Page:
By James Hohmann
Washington Post Staff Writer
Sunday, September 20, 2009; C02
Crews are finally laying the tracks for the Anacostia streetcar line in Southeast Washington, causing delays through the end of the year on South Capitol Street but exciting boosters of the $55 million project.
Track installation on Firth Sterling Avenue has begun, but the more visible installation of tracks at the South Capitol Street intersection is expected to start next week, the District's Department of Transportation said.
Through the end of this month, the track work will reduce traffic flow at the intersection to one lane in each direction, causing delays of five to 10 minutes. Other work will continue in that area through the end of the year.
The locations of several proposed stops along Howard Road and Martin Luther King Jr. Avenue SE are not set in stone. But officials overseeing the project hail the work as a significant step toward the first segment of what they hope will become a citywide system a decade from now.
"The tracks are actually going in," said Gabe Klein, the District's director of transportation. "As people see that, they'll realize we're getting closer than we've ever been."
The District had hoped to have streetcars running through Anacostia by the end of this year, but the project was beset by delays. The city purchased three red-and-gray trolleys almost three years ago for $10 million. Those sit in a warehouse in the Czech Republic, where they were manufactured.
Streetcars, a form of light rail powered by overhead wires, share lanes with automobiles. Similar projects in Seattle and Portland are considered successes.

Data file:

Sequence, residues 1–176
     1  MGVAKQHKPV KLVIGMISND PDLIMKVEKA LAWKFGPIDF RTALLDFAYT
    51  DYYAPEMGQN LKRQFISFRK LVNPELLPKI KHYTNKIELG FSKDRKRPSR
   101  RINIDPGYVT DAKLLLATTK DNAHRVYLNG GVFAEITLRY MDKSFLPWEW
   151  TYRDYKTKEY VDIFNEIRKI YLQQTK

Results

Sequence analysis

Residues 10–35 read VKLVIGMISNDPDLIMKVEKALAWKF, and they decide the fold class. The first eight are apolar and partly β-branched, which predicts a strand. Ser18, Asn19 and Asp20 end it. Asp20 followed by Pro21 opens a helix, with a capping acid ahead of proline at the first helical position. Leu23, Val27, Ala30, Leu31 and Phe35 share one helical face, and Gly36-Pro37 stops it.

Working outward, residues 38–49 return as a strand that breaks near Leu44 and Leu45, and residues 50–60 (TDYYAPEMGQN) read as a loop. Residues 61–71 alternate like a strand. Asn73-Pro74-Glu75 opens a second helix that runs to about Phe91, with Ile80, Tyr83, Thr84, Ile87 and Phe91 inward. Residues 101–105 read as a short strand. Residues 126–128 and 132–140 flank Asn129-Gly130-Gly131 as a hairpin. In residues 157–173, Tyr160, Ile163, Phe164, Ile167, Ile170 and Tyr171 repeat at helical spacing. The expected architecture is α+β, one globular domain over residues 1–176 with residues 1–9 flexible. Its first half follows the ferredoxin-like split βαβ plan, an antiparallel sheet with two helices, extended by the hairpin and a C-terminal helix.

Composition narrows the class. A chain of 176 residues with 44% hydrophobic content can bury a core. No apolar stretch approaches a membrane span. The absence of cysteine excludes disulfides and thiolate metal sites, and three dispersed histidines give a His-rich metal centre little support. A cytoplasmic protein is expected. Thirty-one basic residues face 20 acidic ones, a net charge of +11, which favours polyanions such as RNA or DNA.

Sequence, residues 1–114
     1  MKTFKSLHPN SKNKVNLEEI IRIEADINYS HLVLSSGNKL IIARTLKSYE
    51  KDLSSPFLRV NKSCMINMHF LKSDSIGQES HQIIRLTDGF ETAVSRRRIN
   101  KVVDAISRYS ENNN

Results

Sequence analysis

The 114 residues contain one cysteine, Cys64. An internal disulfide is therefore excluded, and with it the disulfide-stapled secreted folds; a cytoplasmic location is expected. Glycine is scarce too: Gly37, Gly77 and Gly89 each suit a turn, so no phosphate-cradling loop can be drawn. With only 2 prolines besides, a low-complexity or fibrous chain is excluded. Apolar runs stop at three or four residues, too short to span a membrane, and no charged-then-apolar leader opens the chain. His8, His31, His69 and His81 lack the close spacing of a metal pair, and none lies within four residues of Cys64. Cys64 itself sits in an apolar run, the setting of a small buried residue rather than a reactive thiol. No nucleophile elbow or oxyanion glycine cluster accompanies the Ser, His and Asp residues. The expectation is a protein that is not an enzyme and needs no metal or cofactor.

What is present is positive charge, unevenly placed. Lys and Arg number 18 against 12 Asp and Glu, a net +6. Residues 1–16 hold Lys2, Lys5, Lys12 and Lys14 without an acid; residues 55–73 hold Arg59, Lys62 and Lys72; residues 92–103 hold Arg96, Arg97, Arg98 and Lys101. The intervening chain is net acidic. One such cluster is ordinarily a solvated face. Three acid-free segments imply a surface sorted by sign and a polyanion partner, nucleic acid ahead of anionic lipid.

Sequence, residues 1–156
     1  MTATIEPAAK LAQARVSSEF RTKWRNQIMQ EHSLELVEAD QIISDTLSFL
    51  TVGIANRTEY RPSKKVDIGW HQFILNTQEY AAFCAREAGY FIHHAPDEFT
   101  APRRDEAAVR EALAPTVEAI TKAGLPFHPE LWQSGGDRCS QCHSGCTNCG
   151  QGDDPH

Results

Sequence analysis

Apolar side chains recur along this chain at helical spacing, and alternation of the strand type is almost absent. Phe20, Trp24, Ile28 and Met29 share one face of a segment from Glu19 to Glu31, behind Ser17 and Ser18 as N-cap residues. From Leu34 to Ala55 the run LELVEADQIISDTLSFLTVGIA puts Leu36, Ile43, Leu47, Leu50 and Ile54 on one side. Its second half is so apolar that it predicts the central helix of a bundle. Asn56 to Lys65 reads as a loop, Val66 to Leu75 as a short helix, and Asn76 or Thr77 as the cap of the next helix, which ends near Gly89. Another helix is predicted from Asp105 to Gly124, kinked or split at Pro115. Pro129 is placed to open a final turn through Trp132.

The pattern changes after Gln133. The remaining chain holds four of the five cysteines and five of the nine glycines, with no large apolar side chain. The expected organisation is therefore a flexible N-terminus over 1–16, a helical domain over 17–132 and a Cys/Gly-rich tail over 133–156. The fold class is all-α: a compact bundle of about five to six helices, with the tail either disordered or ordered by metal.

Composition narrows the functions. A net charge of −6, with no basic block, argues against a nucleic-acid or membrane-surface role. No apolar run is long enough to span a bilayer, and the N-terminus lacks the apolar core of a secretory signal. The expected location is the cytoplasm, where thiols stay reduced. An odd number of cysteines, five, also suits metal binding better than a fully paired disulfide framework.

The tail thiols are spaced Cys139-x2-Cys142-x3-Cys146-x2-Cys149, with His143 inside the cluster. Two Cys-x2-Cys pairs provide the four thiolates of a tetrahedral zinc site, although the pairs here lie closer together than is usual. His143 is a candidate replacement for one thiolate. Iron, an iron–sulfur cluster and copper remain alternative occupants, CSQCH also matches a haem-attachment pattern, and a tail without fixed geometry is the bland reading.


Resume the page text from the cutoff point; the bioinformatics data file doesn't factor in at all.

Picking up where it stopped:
The initial 1 1/2 -mile segment includes a platform near the Navy Annex at South Capitol Street and Firth Sterling Avenue. Another platform is by Barry Farms on Firth Sterling Avenue. A maintenance facility is being built near the end of the line on South Capitol Street to service and store the trolleys.
Klein said the District might have some part of the Anacostia line running before fall 2012.
Late last month, the District closed two intersections to cross-traffic along H Street NE to install tracks for a separate streetcar line. Klein said his department decided to lay that track because other work was going on in the area.
Engineers still need to find a way to power the cars on H Street and find places for the streetcars to turn around, said transportation spokesman John Lisle. They also need to find a place to store and maintain the cars on that line.
The transportation director has a grand vision for streetcar lines across the District that fills in the gaps where Metrorail doesn't run and resurrects an elaborate system that existed a century ago. Klein acknowledges that in the current fiscal climate, with massive shortfalls and short-term demands for money, it's hard to get it moving.
"I know we're in a downturn right now, but these are decade-long projects," Klein said. "If we never thought ahead when we were in a downturn, we'd never get anywhere. We're building upon a lot of the work that's already been done."